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Refusing a Blood Test in WA

Updated on Dec 12, 2022 4 min read 217 views Copy Link

Michelle Makela

Published in Oct 16, 2015 Updated on Dec 12, 2022 4 min read 217 views

Refusing a Blood Test in WA

In, Western Australia police have the power to subject drivers to tests to check for the presence of alcohol or drugs in their body. The  Road Traffic Act 1974 sets out the procedures that police must follow when conducting breath, saliva and blood tests and the circumstances under which a person can refuse such a test. The penalties for refusing to provide a blood sample without a valid reason include fines and disqualification from driving. The offence of refusing a blood test in Western Australia is outlined in section 67 of the Road Traffic Act 1974.

When can the police require a blood test?

The police in Western Australia have the power to request a blood sample from an individual for the purposes of determining whether any drugs or alcohol are present within their system. This will typically occur after the person has already submitted to a breath test that returned a positive result or in circumstances where the breath test did not return a result. A police officer also has the right to request a blood sample if they reasonably believe that a person is under the influence of alcohol or any illicit substances.

If a blood test is requested, a medical professional must carry out the test with a sterile syringe within four hours of the alleged incident. Half of the sample must be provided to the alleged offender in the event that they wish to have their own sample tested independently. These requirements are set out in the Road Traffic (Blood Sampling and Analysis) Regulations 1975.

If you refuse a request to provide a blood sample, you will be in breach of the Act and may face penalties including a fine and/or licence disqualification. It is important to note that the law in Western Australia divides the offences of refusing to provide a blood sample depending on whether the sample was requested to check for alcohol or drugs.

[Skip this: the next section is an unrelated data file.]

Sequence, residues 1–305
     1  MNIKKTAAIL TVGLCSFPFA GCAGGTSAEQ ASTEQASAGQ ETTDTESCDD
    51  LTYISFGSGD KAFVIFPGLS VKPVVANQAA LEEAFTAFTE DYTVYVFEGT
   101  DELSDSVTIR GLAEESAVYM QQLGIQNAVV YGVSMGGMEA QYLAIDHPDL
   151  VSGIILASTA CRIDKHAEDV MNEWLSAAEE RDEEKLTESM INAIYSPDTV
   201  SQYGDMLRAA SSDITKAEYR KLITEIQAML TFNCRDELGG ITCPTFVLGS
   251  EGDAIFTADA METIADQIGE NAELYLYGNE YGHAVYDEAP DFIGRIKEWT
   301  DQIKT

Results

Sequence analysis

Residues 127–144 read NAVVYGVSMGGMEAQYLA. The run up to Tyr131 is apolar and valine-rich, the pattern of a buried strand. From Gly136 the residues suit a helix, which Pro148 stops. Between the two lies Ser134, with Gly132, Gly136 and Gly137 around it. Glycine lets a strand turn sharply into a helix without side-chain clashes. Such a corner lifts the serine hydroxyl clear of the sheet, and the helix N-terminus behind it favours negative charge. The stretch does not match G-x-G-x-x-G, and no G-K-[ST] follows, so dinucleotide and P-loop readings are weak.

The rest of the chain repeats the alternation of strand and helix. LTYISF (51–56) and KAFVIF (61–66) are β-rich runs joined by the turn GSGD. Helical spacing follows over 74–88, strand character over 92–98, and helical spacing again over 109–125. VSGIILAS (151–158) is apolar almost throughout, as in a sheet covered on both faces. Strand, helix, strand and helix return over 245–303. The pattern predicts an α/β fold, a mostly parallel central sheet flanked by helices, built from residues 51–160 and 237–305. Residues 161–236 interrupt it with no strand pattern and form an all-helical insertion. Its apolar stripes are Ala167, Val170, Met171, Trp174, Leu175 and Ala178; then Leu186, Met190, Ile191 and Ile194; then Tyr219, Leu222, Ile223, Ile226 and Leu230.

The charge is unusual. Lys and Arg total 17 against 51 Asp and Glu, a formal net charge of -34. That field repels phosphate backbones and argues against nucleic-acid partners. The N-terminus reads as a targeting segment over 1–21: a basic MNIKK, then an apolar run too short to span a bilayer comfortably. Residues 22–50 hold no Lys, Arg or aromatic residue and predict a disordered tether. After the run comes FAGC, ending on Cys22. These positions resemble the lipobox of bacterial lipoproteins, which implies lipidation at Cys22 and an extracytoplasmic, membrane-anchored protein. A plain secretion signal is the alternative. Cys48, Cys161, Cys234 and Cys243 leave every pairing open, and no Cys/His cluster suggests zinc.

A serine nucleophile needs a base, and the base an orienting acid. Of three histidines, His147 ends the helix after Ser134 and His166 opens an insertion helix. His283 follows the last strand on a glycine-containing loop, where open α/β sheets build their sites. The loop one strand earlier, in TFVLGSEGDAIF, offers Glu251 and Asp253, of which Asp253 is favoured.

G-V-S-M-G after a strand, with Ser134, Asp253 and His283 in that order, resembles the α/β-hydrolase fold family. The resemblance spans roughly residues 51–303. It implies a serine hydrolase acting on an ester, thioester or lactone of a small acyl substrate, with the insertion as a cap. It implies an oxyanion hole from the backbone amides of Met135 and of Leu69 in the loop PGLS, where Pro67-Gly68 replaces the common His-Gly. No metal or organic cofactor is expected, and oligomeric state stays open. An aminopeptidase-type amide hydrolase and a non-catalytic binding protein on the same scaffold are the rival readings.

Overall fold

Refusing a blood test for alcohol

Where an oral test has proven that the offender was responsible for the operation for a motor vehicle with a blood alcohol reading above the legal limit, the person may be requested to provide a blood sample under section 66 of the Road Traffic Act. Refusing to provide a blood sample under that provision is an offence under section 57 of the Road Traffic Act.

The penalty for a first offence is a fine of between 41 and 225 penalty units (depending on the person’s driving history) as well as disqualification from driving for a period of between nine and 30 months (depending on the person’s driving history).

The penalty for a second offence is a fine of between 95 and 158 penalty units or imprisonment for up to nine months.

The penalty for a subsequent offence is a fine of between 95 and 225 penalty units or imprisonment for up to 18 months.

Refusing a blood test for drugs

If a driver is believed to have been impaired by illicit drugs, they may be required to provide a blood sample under section 66B of the Road Traffic Act. Refusing to provide a blood sample under that provision is an offence under section 67AA of the Road Traffic Act.

The penalty for a first offence is a fine of between 34 and 75 penalty units.

The penalty for a second offence is a fine of between 63 and 105 penalty units or imprisonment for up to nine months.

The penalty for a subsequent offence is a fine of between 63 and 150 penalty units or imprisonment for up to 18 months.

Refusing a blood test after accident causing death

It is also important to note that if the motor vehicle in question was involved in an accident that caused death or grievous bodily harm to another, any refusal of the alleged offender to undertake a blood test may result in a fine of any amount and imprisonment for up to 14 years. This will also include a licence disqualification period of at least two years.

Defence

A person has a legal defence if there was a substantial reason that they refused to provide a blood sample. The legislation does not elaborate on what amounts to a substantial reasons; however, medical conditions that would be affected by the taking of blood are likely to be accepted.

If you require legal advice or representation in any legal matter, please contact Go To Court Lawyers.

Published in

Oct 16, 2015

Michelle Makela

National Practice Manager

Michelle Makela is a Legal Practice Director at Go To Court Lawyers. She holds a Juris Doctor, a Bachelor of Science (Psychology) and a Master of Criminology. She was admitted to practice in 2006. Michelle has over 15 years experience in the legal industry, working across commercial litigation, criminal law, family law and estate planning. 
Michelle Makela

Michelle Makela

National Practice Manager

Michelle Makela is a Legal Practice Director at Go To Court Lawyers. She holds a Juris Doctor, a Bachelor of Science (Psychology) and a Master of Criminology. She was admitted to practice in 2006. Michelle has over 15 years experience in the legal industry, working across commercial litigation, criminal law, family law and estate planning. 

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